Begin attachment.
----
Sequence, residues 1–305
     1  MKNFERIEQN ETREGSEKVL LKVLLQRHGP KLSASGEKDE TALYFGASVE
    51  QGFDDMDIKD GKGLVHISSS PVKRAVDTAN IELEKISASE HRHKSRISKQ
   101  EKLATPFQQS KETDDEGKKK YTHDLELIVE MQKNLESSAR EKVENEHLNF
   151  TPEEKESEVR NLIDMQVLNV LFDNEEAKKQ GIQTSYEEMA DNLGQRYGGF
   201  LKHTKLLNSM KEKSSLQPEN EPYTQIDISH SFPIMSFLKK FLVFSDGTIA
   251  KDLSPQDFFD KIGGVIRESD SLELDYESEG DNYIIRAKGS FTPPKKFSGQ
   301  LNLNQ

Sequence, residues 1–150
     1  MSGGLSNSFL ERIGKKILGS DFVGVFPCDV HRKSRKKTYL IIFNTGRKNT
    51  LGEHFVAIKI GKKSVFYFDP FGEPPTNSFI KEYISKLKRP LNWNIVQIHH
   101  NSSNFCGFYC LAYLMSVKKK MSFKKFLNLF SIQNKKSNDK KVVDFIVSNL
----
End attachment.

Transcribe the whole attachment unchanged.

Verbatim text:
Sequence, residues 1–305
     1  MKNFERIEQN ETREGSEKVL LKVLLQRHGP KLSASGEKDE TALYFGASVE
    51  QGFDDMDIKD GKGLVHISSS PVKRAVDTAN IELEKISASE HRHKSRISKQ
   101  EKLATPFQQS KETDDEGKKK YTHDLELIVE MQKNLESSAR EKVENEHLNF
   151  TPEEKESEVR NLIDMQVLNV LFDNEEAKKQ GIQTSYEEMA DNLGQRYGGF
   201  LKHTKLLNSM KEKSSLQPEN EPYTQIDISH SFPIMSFLKK FLVFSDGTIA
   251  KDLSPQDFFD KIGGVIRESD SLELDYESEG DNYIIRAKGS FTPPKKFSGQ
   301  LNLNQ

Sequence, residues 1–150
     1  MSGGLSNSFL ERIGKKILGS DFVGVFPCDV HRKSRKKTYL IIFNTGRKNT
    51  LGEHFVAIKI GKKSVFYFDP FGEPPTNSFI KEYISKLKRP LNWNIVQIHH
   101  NSSNFCGFYC LAYLMSVKKK MSFKKFLNLF SIQNKKSNDK KVVDFIVSNL